Where does yoga for bedridden patients fit into the exercise-for-seniors-scene?
The importance of exercise in senior health features prominently. There are many types of exercise. Seniors are often recommended to try tai chi or yoga as well as water-based exercising. These are low impact exercises that can build body strength.
If a patient is bedridden for a period of time, there are many challenges. Exercising may not be the prime issue in the front of a patient’s mind, initially. Over time however, a patient might be ready to try exercising in a gentle manner.
An Introduction to Yoga
Stretching, breathing and meditation are combined in yoga, resulting in exercise that is an inner journey.
Yoga can lead to the following advantages for seniors:
- increased flexibility
- better balance
- relaxation and reduced stress
- better sleep
- muscle tone regulation
- mood stabilized
Muscle strength and tone is important for the general healthy functioning of the body and specifically to prevent falls in seniors. Some people find that yoga reduces lower back pain.
Yoga For Bedridden Patients
Meet Cherie Hotchkiss . A special person in her late 50’s, she has been bed-bound, on and off, for almost two decades. She became a yoga instructor prior to the onset of her illness. Knowing the value of yoga and how it can help a person she says: “Every BODY can do yoga.”
Here are some ideas to get you started with your journey into the world of yoga:
Ask your doctor, surgeon, therapist or whichever relevant medical party it is, if you may begin doing yoga.
The idea behind any yoga, is to complement the therapy you are doing.
That means, first you need to do the therapy sessions you were assigned, including in-between-sessions work. If you have time and energy for more after that, then try yoga.
Get the Gear
If you can, wear soft and stretchy clothing. Some people suggest a close fit, so that you don’t have clothing flapping when you move. If need be, you can continue wearing what you have already. Mostly, yoga is performed barefoot or with socks on, so you are at an advantage there, if you are in bed. If you are mobile enough to get out or bed and down on the floor, then you will need a supportive mat. These are made out of PVC or natural materials.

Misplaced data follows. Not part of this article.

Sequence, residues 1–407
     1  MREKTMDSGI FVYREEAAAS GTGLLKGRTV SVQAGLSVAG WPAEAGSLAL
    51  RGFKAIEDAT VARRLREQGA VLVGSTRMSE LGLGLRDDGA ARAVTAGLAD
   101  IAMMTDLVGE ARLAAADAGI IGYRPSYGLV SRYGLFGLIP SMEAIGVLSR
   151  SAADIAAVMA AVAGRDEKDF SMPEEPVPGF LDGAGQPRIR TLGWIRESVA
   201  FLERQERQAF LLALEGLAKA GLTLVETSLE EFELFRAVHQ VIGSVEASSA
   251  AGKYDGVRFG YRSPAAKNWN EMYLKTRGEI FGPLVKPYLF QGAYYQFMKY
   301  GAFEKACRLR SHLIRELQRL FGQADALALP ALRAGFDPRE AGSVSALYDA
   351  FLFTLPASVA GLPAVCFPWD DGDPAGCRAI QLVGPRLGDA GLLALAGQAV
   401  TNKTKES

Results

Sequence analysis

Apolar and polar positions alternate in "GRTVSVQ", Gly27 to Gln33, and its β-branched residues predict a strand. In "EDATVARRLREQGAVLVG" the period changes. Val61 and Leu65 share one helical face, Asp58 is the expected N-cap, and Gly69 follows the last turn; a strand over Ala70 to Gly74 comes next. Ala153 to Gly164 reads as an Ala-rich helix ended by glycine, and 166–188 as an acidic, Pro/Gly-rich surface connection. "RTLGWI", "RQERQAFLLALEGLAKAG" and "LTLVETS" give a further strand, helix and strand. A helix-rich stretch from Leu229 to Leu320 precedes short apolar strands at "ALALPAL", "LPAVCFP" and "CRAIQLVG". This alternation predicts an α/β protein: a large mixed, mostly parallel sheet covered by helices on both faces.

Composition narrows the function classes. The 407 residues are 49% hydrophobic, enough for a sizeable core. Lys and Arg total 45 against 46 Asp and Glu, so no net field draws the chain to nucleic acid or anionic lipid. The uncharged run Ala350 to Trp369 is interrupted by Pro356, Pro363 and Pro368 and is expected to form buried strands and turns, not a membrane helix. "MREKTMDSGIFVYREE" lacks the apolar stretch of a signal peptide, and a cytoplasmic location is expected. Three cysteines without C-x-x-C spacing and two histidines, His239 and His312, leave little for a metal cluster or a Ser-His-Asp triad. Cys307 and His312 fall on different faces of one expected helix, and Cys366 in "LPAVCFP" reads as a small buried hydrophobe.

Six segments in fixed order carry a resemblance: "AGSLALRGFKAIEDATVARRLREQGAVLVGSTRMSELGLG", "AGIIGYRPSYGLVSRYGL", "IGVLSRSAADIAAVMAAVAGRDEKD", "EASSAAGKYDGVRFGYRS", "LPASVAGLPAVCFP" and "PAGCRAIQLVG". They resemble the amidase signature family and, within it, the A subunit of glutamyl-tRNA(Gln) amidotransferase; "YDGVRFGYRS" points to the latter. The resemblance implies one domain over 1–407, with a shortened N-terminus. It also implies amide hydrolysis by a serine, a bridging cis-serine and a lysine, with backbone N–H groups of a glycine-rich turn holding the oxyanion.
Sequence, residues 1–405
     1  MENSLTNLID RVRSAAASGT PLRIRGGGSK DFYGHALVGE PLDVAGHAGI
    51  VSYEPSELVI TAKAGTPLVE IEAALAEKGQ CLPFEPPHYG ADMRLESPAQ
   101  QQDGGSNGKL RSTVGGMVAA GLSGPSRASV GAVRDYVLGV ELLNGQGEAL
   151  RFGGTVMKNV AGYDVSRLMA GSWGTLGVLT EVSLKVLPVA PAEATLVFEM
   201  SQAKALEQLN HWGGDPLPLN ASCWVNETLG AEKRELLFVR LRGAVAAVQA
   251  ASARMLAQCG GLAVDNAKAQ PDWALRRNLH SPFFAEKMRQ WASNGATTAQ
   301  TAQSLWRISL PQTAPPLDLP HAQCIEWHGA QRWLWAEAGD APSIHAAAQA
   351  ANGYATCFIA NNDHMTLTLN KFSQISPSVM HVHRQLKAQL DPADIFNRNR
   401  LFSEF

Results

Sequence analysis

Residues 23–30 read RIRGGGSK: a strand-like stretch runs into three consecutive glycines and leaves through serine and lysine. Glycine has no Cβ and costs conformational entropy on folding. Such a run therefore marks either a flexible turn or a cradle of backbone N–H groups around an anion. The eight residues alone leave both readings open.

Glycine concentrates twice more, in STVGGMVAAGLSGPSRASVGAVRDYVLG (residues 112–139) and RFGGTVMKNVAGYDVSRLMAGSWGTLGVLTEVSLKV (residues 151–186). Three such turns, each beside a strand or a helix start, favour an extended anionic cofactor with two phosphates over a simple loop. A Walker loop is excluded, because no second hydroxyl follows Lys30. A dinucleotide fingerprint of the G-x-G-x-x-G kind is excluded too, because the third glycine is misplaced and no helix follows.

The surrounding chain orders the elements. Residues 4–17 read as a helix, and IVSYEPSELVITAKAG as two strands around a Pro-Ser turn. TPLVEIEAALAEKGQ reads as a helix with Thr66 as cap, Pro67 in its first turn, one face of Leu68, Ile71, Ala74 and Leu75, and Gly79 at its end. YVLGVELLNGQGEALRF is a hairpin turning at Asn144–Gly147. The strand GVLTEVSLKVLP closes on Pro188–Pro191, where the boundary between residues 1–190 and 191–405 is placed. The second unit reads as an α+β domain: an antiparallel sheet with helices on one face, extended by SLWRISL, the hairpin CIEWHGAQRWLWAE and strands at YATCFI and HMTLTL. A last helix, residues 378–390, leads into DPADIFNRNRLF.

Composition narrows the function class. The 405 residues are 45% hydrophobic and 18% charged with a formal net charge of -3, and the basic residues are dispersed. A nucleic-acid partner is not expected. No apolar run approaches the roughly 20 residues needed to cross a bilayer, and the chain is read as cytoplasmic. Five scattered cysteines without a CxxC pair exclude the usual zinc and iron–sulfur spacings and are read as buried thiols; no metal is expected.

Friend of Loved One to Help
The exercises included below and other exercises accessible in online video format can help you get into yoga. If you are unable to get out and about to go to a yoga class, these written or visual alternatives, can fill the gap temporarily.
Ask a friend or family member to read out the instructions to you, or hold your phone so that you can see what the online instructor is doing.
Don’t put yourself at risk by exercising alone. It is safer, at least in the beginning to exercise with someone else next to you.
A Certified Teacher
If possible it is better to find a certified teacher. Maybe someone can come to you? Find out at Yoga For Seniors which is a collection of yoga instructors who are trained in doing yoga for the mature population.
Bed bound people can enjoy yoga – An excellent series of yoga movements, and mental instructions when movements are not possible, are presented in Cherie’s site. The first three sections casually discuss how yoga helped her, then come the exercises.
Chair yoga is increasing in senior popularity. A senior who is a little frail, or has difficulties with coordination and balance, can work out in a chair. If you can twist, stretch and lean in a chair, try these chair yoga exercises presented by Healthline.
Special People For Whom Yoga is a Springboard to Success
We have seen that yoga for bedridden patients can be done. There are not that many studies on this topic, but there are a few more very special people who found that yoga took them out of their pain and limitations.
- Donna Owens, who is the author of Yoga, My Bed & M.E.
- Candace Moore, who is the founder of the website Yoga By Candace.
- Cherie Hotchkiss, who is overcoming MS.
- Eric Small, who has a yoga journal
Hope you meet with success in your efforts to get stronger!